From the opening scene of Smile, the feature film debut of writer-director Parker Finn, you know exactly what kind of horror film you are getting into. It is the same storytelling device used throughout the genre, using one’s traumatic past to haunt them through an entity so unbeatable that the protagonist must come to terms with themselves and the real demons that are haunting them. We’ve seen it before in films like The Ring, It Follows, The Grudge, and even the new entries in the Halloween franchise. These renowned stories lay the groundwork for the newest addition to their ranks, and while Smile doesn’t offer any new insight into the psychological horror genre, its scares, and lead performance lift it from being a forgettable experience.
Dr. Rose Cotter (Sosie Bacon, daughter of Kevin Bacon and Kyra Sedgwick) has a good, yet busy life. Her week is consumed with an 80 hours’ work week, dealing with patients who suffer from mental, physiological issues. She is stuffing her life with so much to do that she barely has time for a life outside of her normal routine of going home, eating dinner with her fiancé Trevor (Jessie T. Usher), feeding her cat, and falling sleep to do it all again tomorrow. One afternoon, she is asked to do a patient consult on a girl named Laura Weaver (Caitlin Stasey) who has been admitted with major emotional distress. When Rose first looks at Laura, the young lady’s eyes are dark, as if she hasn’t gotten sleep in days, tormented by the issues she is facing. Laura explains to Rose that she has been things, people in and out of her life that come up to her with a terrifying smile on their face. It has been eating her alive and no one will believe her that this is going on. As Rose starts to talk out the situation with her and get more information, Laura starts screaming, as a being has entered the room. But when Rose calls for help, she sees the same smile on Laura’s face, and with a shape object, Laura kills herself in front of Rose.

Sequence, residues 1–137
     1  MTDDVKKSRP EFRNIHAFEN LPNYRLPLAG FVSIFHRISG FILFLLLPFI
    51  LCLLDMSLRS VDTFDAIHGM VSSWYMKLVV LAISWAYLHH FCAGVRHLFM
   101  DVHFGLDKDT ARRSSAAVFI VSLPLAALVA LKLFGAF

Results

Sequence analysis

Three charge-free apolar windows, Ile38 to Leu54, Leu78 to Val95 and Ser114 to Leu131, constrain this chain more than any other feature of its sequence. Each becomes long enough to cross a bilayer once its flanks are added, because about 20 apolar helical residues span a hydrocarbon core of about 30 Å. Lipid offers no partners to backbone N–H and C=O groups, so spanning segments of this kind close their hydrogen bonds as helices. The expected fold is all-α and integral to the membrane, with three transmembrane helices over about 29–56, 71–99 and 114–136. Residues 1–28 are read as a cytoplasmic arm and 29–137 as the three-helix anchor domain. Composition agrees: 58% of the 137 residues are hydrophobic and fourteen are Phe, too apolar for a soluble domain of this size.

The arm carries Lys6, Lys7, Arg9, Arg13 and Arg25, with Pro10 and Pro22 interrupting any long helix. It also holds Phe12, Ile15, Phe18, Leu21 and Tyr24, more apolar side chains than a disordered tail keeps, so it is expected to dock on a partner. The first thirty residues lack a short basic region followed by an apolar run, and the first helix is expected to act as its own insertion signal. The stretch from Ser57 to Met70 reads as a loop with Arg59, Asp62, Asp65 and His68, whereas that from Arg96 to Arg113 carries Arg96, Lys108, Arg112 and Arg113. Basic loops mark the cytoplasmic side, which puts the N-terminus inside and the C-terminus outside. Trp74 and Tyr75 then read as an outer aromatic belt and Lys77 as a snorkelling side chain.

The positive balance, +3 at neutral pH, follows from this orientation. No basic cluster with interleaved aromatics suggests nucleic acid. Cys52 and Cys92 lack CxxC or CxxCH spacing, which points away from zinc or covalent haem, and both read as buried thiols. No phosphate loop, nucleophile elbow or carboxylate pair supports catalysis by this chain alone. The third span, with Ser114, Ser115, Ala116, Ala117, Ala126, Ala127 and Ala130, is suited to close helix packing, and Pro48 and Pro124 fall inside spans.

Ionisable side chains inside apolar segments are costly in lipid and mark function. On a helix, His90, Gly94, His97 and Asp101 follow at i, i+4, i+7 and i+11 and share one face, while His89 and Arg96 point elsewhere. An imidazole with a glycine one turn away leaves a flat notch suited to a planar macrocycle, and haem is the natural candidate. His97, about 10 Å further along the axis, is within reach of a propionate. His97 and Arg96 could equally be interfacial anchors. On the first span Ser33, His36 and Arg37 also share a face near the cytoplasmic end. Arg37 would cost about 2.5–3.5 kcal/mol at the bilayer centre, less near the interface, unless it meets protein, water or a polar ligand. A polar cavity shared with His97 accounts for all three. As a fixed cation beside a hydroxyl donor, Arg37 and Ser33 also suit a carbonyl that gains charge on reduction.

Once the body is cleaned up, the police come by to take Rose’s statement about the innocent. This is when we are introduced to Joel (Kyle Gallner), Rose’s ex-boyfriend who has been giving her space since their breakup ended abruptly several months before. He, alongside everyone at the hospital, ask Rose if she is okay, but her mind is already focused on moving on and past what has happened. So, when Rose comes home, pours a glass of wine to unwind after her day, she starts seeing people in her house, faces from her past including her deceased mother, who died when Rose was just ten years old. This sets her on a path of slowly losing her mind, much like Laura when they first met. In a matter of three days, Rose’s life spirals out of control, losing her relationship with Trevor, her sister Holly (Gillian Zinser), and her good standing with her job. To get rid of this insidious curse, Rose must track down the origin of this haunting figure and see if there is a chance of surviving before her fate is sealed.